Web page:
There is a less polite version of this rhyme on the Internet dating back to 1744. The more genteel rhyme above has been used in nurseries as a finger-play since the 1920s and could account for the reason why this iconic redbreasted robin was chosen as the UK’s favourite bird. It topped a poll in 2015 when more than 200,000 people chose it as the country’s first national bird.
With it’s bright orangey-red breast the robin has become synonymous with the festive season and features on Christmas cards every year.
The robin’s conservation status is green, which is unsurprising as the UK breeding population, according to the RSPB, is detailed as 6,700,000 territories.
Both male and female robins have red breasts, so it’s virtually impossible to tell them apart. Their broods are brown when they fledge and the juvenile birds’ breasts are speckled with golden brown spots. Their underbellies show the promise of white, which will eventually contrast with their smart red breast after the first moult.
Robins have a distinctive upright stance as if they are proud of their red breasts and they bob about, hence the famous song ‘When the Red Red Robin Comes Bob-Bob-Bobbin’ Along’ by Al Jolson. How many other birds can claim to have popular rhymes and songs written about them?
Birds with a temper
Extremely territorial, robins will aggressively defend their home turf against other robins and their breasts are used in defence as warning signs and not in courtship. Up to 10 per cent of birds can be lost to injury or death in territorial battles. In summer a mated pair defend their territory (around 0.55 ha in size) and in the winter, single birds hold smaller winter territories.
The gardener’s friend
No matter what the season, robins will join you in the garden when they see you digging. These bold little birds will bob about on the ground almost within touching distance if they spy tasty grubs being unearthed.
Songs for all seasons
Robins sing all year round – sometimes late into the night in urban areas – and often they are the first singer in the dawn chorus. Their tunes vary between summer and winter. The autumn song starts in late summer after the moult when the song becomes more melancholic. The spring song, which can start as early as mid December, is melodic and powerful. It’s usually given from a high perch and heralds a time of new broods and joy with the male attracting a female with his strong voice. How such an uplifting and loud song can emanate from such a tiny bird is one of the many wonders of nature.
Robins will start their courtship as early as January in mild weather, but the normal breeding season begins in March.
Nests are normally built near the ground in nooks and crannies or hidden in climbing plants like ivy. Unlikely locations such as in flowerpots, boots, old coat pockets, sheds, greenhouses, in hanging baskets and even in car engines have been reported.
European robins don’t share the nest building, instead the female goes it alone gathering dead leaves, moss and adding a soft lining of hair. A few days before the first egg is laid, the male will start feeding the female. This is known as courtship feeding.
She lays between 4-6 eggs creamy coloured eggs speckled with reddish brown and will desert the eggs if she feel her nest has been found and is being watched.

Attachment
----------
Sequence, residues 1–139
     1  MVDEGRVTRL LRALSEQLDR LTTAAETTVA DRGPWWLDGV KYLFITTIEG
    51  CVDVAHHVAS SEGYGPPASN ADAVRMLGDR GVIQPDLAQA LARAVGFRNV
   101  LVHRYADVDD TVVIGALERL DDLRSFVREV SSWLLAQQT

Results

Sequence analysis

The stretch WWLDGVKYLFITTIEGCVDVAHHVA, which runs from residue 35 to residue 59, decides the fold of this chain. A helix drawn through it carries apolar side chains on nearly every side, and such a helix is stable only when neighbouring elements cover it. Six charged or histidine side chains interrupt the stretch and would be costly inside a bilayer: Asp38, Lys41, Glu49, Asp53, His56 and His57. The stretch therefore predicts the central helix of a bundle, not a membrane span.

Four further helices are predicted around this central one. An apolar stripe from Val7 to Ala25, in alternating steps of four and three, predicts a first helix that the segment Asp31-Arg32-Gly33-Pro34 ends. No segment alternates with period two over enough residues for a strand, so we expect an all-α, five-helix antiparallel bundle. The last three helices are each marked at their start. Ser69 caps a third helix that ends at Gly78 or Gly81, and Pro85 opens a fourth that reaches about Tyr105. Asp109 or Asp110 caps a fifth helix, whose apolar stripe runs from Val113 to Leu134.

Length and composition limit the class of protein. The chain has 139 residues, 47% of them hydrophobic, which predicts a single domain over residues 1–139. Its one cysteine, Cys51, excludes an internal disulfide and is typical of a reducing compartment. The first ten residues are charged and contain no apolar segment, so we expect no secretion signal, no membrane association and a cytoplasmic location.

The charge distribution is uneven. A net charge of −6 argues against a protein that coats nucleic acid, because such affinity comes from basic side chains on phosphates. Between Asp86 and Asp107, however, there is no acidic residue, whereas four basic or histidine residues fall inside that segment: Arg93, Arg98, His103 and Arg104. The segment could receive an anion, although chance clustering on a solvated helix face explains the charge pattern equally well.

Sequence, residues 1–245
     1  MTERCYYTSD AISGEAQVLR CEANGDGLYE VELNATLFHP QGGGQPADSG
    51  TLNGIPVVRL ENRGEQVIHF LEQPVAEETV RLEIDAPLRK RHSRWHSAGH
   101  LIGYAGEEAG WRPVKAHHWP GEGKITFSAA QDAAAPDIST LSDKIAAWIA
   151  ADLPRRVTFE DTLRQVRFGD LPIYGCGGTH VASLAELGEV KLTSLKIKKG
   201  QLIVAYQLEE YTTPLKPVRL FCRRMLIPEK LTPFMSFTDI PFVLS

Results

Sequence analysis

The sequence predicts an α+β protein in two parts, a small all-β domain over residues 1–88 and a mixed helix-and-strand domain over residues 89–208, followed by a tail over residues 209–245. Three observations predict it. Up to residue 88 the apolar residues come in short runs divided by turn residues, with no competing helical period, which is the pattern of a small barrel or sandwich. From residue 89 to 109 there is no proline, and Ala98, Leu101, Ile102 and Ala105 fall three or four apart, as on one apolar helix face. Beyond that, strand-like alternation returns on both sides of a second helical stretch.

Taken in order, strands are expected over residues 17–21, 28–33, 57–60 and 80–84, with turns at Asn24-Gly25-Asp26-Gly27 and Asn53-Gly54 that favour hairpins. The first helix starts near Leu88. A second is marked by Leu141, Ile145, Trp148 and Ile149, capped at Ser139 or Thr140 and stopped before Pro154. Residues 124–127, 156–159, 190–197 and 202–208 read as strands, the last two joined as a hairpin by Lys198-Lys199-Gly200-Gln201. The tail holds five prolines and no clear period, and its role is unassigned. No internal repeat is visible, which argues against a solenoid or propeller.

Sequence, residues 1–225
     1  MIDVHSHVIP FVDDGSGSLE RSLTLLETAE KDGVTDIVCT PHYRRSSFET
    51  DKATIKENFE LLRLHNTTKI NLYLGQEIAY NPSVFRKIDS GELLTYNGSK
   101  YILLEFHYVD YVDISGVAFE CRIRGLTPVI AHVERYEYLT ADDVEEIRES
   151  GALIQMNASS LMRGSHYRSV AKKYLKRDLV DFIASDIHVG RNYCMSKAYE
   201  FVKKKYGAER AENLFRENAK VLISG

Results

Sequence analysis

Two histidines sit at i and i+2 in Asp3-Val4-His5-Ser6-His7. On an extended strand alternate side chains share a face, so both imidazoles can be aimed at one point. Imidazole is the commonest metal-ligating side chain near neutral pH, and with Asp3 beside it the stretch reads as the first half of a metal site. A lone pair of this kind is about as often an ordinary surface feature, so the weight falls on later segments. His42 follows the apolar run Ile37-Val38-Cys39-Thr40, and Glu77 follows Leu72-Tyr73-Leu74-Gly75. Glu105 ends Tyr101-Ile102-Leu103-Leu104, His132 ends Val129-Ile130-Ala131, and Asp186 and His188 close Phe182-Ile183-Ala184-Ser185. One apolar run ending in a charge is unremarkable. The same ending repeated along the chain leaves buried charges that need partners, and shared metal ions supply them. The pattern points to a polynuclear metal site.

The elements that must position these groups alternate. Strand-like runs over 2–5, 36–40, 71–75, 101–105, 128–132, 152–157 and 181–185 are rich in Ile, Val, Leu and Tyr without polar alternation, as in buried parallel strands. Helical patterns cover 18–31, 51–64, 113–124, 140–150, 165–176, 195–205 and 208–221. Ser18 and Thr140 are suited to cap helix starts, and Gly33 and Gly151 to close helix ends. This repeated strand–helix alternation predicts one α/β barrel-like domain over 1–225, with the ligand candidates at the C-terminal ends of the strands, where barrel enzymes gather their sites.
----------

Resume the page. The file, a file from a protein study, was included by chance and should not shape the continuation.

Incubation of the eggs by the female alone takes nearly two weeks and it’s estimated that the male will supply her with over a third of her meals.
When the chicks hatch they are naked and pink with their eyes shut. They start to grow feathers within a few days and their eyes are usually fully open by day eight. Robin chicks fledge when two weeks old so three broods a year is not uncommon.
Lifespan and mortality
Robins don’t usually live more than a couple of years, but it’s reported on the RSPB website that the oldest known wild robin lived for 11 years and five months. On various other websites the current record is stated as 19 years.
Sadly, less than half of fledged birds survive from one year to the next but this high level of mortality is compensated by the large number of baby birds produced every year by each pair of robins. According to the RSPB the robin population has increased by 45 per cent since 1970.
Severe winters impact on numbers. Unless robins can feed well every day to help get them through the freezing winter nights when they use up their food reserves to keep warm, a prolonged cold spell can prove fatal.
Bird table treats
Many of us love to feed the birds in the winter and by doing this you could be saving their lives, especially when cold spells last for more than a couple of weeks. The robin’s favourite bird table treats are mealworms. Cheese, biscuit and cake crumbs, fat, dried fruit and peanuts will also be taken. Crushed peanuts are easier for robins to eat.
If you have pets, please be careful about what you feed your garden birds. Fruit and nuts can be toxic to dogs and cats. You don’t want to end up with an expensive vet’s bill because you are ‘saving’ the birds.
Fun fact: It is said that the robin became Britain’s Christmas favourite bird because Victorian postmen wore a red tunic and were known as robin redbreasts. The birds became symbols of the redbreasted messenger and began appearing on Christmas cards. Why not check your cards and see how many of them have a robin on the front.
Activity: Take part in the RSPB’s Big Garden Birdwatch. It takes place on 28, 29 and 30 January 2022. The survey takes an hour to complete and all you have to do is record the birds you see land in your garden, balcony or local park and send your results to the RSPB. Sign up at rspb.org.uk
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